Marianne Lalonde, Ph.D.

ACS Congressional Fellow, 2014-2015

Biography

Marianne Lalonde, one of the 2014-2015 ACS congressional fellows, worked on Capitol Hill in the office of Senator Sherrod Brown (D-OH).  She completed her Ph.D in chemistry at Northwestern University in the field of functional nanostructured materials, specifically metal-organic framework (MOF) materials. She also holds a Certificate in Management from Northwestern, and a B.S. in chemistry with minors in French and biology from Case Western Reserve University.  Lalonde has won numerous awards for her work in sustainability: she was selected as a Fellow of the Initiative for Sustainability and Energy at Northwestern; she was a NUVentures Business Plan Competition semifinalist and a Kellogg Innovation Network Business Plan Competition semifinalist; and she won the Dow Sustainability Innovation Student Challenge. While at Northwestern University, Lalonde helped pioneer a collaboration that pairs science graduate students with journalism classes, enhancing journalists’ knowledge and communication of science and educating scientists about the media.

Year-End Fellowship Report

It is hard to believe my year as a congressional fellow has come to an end. I am grateful to both ACS and the public affairs staff for this opportunity, as well as Senator Brown and his staff for welcoming me into their office. My experience on Capitol Hill has given me the chance to develop both professionally and personally, and the following statement will describe some of the highlights of my year.

Fellows working in the personal offices with senators typically work directly with one legislative assistant in their issue area of choice. While I had initially planned on working in the environmental and energy policy areas, I took on a broader role as the “resident scientist” in the Brown office. I covered issues relating to water quality in the Great Lakes, hydraulic fracturing in the Utica shale, and crude oil production, but also worked with the military legislative assistant on defense research issues, (Air Force Research Lab is located in Dayton, Ohio,) on a bill to preserve notable sites in the Civil Rights Movement, and with the banking committee staff on cybersecurity initiatives.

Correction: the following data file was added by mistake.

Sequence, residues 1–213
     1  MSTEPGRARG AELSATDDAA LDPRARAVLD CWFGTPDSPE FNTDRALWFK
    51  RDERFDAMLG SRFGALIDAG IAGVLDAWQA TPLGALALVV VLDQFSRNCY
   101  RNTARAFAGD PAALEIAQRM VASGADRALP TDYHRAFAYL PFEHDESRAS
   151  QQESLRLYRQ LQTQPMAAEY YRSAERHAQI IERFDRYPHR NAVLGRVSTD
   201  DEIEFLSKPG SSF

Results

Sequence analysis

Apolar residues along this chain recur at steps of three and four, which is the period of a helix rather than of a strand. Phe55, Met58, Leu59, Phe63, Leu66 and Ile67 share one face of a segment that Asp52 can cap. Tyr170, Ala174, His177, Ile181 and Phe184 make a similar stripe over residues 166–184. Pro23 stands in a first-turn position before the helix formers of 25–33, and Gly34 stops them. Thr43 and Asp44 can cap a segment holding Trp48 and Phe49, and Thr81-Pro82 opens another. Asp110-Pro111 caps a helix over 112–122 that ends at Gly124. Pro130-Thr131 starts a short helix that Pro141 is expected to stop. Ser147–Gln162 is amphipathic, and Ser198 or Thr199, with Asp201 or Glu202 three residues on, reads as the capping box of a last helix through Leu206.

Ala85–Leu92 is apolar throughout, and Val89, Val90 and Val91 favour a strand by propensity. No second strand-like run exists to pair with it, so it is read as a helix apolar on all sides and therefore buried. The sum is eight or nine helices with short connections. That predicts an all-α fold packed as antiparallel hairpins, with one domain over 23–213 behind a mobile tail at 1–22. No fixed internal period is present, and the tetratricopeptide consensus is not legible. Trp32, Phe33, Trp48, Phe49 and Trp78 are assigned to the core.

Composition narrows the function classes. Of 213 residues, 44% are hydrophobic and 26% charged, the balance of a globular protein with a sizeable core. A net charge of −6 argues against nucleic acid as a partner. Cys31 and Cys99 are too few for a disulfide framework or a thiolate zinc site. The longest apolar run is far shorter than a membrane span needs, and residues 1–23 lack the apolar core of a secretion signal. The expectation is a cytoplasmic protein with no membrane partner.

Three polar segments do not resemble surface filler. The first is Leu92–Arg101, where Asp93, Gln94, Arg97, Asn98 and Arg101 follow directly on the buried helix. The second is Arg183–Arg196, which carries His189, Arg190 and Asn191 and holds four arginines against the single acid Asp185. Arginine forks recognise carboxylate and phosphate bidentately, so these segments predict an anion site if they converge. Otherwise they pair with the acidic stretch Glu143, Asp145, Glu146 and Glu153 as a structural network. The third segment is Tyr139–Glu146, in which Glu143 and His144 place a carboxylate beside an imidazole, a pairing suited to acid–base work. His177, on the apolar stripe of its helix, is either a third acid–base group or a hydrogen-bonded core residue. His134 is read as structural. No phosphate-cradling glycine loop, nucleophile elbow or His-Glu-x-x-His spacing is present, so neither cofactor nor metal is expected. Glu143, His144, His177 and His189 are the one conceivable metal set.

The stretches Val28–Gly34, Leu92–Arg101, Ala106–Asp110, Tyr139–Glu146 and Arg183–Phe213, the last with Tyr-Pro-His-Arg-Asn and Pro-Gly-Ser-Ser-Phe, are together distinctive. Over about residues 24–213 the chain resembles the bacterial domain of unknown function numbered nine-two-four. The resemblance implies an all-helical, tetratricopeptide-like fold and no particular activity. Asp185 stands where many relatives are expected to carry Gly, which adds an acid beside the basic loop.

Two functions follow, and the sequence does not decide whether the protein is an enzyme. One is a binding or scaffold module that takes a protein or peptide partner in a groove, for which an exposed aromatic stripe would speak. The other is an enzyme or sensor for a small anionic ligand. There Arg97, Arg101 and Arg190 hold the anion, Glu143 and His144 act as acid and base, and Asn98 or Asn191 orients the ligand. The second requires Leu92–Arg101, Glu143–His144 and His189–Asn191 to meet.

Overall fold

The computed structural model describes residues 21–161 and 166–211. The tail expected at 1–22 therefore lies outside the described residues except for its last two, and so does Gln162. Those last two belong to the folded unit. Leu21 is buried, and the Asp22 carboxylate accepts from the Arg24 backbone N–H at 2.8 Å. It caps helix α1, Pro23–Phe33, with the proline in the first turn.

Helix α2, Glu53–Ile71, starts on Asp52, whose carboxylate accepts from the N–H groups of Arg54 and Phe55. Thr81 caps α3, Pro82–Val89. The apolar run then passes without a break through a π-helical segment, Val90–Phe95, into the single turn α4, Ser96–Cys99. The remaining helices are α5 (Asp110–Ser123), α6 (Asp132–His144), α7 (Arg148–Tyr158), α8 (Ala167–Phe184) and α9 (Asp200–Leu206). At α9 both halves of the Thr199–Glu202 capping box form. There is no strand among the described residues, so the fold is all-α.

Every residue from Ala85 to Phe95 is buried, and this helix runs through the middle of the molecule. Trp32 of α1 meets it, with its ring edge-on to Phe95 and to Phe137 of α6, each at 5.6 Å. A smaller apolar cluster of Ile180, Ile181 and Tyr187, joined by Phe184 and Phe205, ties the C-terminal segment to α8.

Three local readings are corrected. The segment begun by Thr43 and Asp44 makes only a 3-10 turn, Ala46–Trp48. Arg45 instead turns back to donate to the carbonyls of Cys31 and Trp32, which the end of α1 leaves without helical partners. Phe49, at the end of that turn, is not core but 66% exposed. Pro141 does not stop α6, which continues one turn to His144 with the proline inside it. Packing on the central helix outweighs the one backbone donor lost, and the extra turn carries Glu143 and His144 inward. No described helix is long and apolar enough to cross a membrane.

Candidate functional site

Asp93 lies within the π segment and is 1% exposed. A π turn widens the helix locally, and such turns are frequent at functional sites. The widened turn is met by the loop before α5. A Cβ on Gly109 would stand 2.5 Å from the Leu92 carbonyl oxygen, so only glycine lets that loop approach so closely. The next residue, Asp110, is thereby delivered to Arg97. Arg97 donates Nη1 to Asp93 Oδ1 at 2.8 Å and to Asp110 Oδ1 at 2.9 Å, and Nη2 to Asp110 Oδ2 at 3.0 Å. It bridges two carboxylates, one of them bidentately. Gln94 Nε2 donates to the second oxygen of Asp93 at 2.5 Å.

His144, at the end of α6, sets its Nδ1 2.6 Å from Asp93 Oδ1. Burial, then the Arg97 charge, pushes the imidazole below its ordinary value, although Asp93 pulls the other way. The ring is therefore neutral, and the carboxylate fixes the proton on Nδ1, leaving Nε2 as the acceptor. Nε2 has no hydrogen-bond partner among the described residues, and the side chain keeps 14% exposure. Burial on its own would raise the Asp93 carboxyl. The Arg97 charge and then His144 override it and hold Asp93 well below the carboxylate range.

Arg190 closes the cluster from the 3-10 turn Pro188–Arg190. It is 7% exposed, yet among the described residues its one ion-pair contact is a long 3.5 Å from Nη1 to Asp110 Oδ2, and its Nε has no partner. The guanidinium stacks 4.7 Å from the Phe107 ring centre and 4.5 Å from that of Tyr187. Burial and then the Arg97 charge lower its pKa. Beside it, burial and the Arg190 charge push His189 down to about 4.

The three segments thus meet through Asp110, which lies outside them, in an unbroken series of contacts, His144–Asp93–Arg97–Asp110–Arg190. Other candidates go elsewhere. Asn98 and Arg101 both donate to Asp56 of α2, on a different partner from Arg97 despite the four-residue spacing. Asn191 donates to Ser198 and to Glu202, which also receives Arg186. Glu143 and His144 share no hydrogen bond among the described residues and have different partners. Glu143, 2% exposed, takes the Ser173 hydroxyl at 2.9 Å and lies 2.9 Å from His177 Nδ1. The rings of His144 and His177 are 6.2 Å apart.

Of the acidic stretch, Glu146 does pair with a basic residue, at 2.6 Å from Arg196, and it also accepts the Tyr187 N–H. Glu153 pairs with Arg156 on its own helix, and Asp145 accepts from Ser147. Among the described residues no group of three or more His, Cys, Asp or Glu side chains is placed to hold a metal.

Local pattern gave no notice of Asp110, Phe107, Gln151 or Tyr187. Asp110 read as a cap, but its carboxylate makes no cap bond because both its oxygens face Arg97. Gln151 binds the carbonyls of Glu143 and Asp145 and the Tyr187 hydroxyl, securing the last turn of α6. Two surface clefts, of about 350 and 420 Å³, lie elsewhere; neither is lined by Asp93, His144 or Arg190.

In my role as a legislative fellow, my tasks included writing letters to agencies to support funding applications from Ohio-based companies and organizations, writing a statement for the record for the Senator to give on the floor, promoting co-sponsorships, assisting with press releases, and writing the text of bills and amendments. One of my favorite responsibilities was staffing the Senator during committee hearings. Senator Brown serves on the Agriculture, Finance and Veterans’ committees, and in January of 2014, became the ranking member on the Banking committee. I attended many Agriculture committee hearings, as agriculture and water quality are closely overlapping areas. (For example, one hearing covered phosphorus runoff into Lake Erie from fertilizer contributing to harmful algal blooms.)  Since Senator Brown does not serve on energy and natural resources, I never anticipated preparing for an energy-related hearing, but was very surprised when a crude oil exports hearing was scheduled for the Banking Committee. It continues to amaze me how much overlap there is between different issue areas and how broad of a portfolio and knowledge base each staffer must maintain in order for each office to function.